Push Gathers Steam to Restore a Historic Loco
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She’s “Big Boy” 4014, built in 1941 by the American Locomotive Co. to UP specifications for hauling heavy trains over the Wasatch Mountains between Ogden and Green River, Wyo., on a 1.14% ruling grade.
Beginning in the late 1930s, a UP design team led by Mechanical Department Research & Mechanical Standards Vice President Otto Jabelmann, working with ALCO, re-evaluated the railroad’s 4-6-6-4 Challenger locomotives. They enlarged the Challenger’s firebox to 235 x 96 inches (157 square feet), increased boiler pressure to 300 psi, added four driving wheels and reduced driving wheel diameter from 69 to 68 inches. The resulting single-expansion, articulated, 975.75-ton (with tender, in working order) 4-8-8-4 featured an axle loading of 67,800 pounds, and a maximum starting tractive effort of 135,375 pounds with a 4.0 factor of adhesion.
ALCO manufactured 25 Big Boys for UP, 20 in 1941 and five in 1944. They saw service until their fires were dropped for the last time in 1961. Eight survived; UP re-acquired 4014 in 2013 from the RailGiants Museum in Pomona, Calif., and meticulously restored her to operating condition.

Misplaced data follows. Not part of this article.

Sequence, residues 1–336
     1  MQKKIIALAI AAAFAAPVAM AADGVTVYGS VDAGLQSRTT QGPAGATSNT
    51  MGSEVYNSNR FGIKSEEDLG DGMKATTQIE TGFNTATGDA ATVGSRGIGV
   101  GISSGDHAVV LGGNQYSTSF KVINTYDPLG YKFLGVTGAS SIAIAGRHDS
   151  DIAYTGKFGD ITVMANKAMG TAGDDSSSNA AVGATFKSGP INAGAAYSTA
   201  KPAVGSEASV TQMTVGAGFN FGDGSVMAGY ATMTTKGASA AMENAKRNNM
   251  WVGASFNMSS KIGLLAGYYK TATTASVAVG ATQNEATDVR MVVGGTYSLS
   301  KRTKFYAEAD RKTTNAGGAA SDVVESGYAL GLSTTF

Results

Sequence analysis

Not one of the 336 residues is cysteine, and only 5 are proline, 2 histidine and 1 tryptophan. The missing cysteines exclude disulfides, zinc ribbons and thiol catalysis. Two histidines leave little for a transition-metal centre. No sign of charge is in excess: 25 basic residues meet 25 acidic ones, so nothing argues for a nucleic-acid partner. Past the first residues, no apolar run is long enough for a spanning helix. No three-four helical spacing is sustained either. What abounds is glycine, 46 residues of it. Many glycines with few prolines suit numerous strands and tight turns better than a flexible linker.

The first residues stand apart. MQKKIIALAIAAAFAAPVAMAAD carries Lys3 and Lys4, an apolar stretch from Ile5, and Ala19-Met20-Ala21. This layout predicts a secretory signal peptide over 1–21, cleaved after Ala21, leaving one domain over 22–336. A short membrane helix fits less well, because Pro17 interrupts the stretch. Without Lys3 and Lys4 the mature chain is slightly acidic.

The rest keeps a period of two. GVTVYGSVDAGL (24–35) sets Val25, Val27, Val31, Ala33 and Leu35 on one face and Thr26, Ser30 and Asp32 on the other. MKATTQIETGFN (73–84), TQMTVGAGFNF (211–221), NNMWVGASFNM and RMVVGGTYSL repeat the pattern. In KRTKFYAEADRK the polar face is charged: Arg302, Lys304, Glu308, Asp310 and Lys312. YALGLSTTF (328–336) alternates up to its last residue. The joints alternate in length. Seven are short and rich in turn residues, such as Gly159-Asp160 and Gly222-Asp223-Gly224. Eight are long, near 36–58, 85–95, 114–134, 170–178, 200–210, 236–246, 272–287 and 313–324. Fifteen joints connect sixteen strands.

The nine-page Railway Age article of Oct. 4, 1941, pp. 519-526 and 528, downloadable from the link below, describes the Big Boy in detail, listing all component suppliers, some of which are still in business.
We salute Union Pacific, its Steam Team and all suppliers who returned 4014 to glory.
The post Railway Age, October 4, 1941: UP’s ”Big Boy” debuts appeared first on Railway Age.
This article first appeared on www.railwayage.com
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